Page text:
That's intriguing because once I took Benadryl for nighttime allergies and my nurse practitioner warned me that Benadryl can create a rebound insomnia effect which is bad news for an insomniac like myself. So I stopped. Congratulations on finding something that works!

To all fellow insomniacs out there--what has worked for me is acupuncture with moxibustion 2-3 times/week, yoga therapy and the Richard Shane Ph.D., SleepEasily program which teaches you a certain kind of breathing called the sleep breath .
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written by Belleruth, February 25, 2009
I'll check these interventions out. Thanks for the input! Never heard of "sleep breath" before, but it sounds like a good idea.
BR
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written by BrokenBrilliant, February 25, 2009
Holy smokes - thanks for the shout-out!

I just checked my blog stats, and lo and behold, all these folks are finding their way to my blog through your site. Thank you - thank you - thank you for helping me get the word out.

Mild Traumatic Brain Injury (MTBI or Mild TBI) is a vast and rampant problem and feeds into countless personal and interpersonal ills throughout our country -- and the world. And yet, it's routinely ignored and trivialized, both by the (often well-meaning) medical profession and TBI survivors and family and friends alike. My own most recent 'mild' TBI almost destroyed my life, four years ago, and it's only through painstaking attention to details I routinely missed over the years, that I've been able to fashion a constructive response to it.

And I have to say - not because I'm trying to get on anybody's good side, but because it's *true* - that guided imagery made it possible for me to start approaching my TBI issues in a constructive and methodical way. It wasn't until I was able to chill out my jangled nervous system and take the edge off that brutal biochemical cascade of fight/flight/OMG, that I was able to step back and see my life for what it was -- hundreds of thousands of dollars "lighter" than it had been in 2004, burdened by serial poor decisions about the work I pursued, and suffering terribly from my neglecting important things -- like taking care of my house, my car, my body, my family... the works.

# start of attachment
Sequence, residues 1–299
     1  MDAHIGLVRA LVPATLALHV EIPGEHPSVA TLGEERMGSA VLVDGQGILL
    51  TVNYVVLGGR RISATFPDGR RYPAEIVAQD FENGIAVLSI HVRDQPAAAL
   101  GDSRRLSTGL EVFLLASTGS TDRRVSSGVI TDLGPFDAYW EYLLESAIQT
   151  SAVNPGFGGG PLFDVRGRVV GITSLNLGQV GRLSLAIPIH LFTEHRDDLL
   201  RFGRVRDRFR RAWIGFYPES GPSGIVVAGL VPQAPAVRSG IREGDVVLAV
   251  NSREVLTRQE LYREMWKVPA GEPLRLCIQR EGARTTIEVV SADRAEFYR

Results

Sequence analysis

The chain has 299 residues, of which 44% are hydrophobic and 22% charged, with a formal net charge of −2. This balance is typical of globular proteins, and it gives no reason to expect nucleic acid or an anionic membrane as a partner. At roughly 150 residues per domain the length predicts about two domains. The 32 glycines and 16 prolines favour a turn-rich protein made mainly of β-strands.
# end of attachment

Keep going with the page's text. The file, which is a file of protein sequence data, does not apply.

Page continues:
Again, I'm saying this all because it's very true. I strongly suspect I'd be in even worse trouble than I am right now, if it weren't for the self-managed help I got from guided imagery. Being the one in control of the experience made it possible for me to approach the 'monsters under my bed' on my own terms. Having the explanations of how it was going to work, prior to each episode also helped me, as my brain has been injured a number of times over the course of my life, and my short-term memory is not the best. I probably never would have bothered with the guided imagery, if I hadn't actually heard the "mechanics" of it discussed in terms I can understand -- in the Invisible Heroes book, on this website, and at one of the BRN conferences. I'm a software engineer, so the underlying explanation is very important to me. It also helps that the narration on the Healing Trauma and Stress Hardiness Optimization doesn't ooze 'sticky sweetness', like some of the other guided imagery I've heard -- which totally turned me off.

I owe a lot to the positive impact of guided imagery -- Belleruth, here's a BIG thanks from my family, my bank account, my employer, my mortgage, and my sanity! (Not to mention, me ;)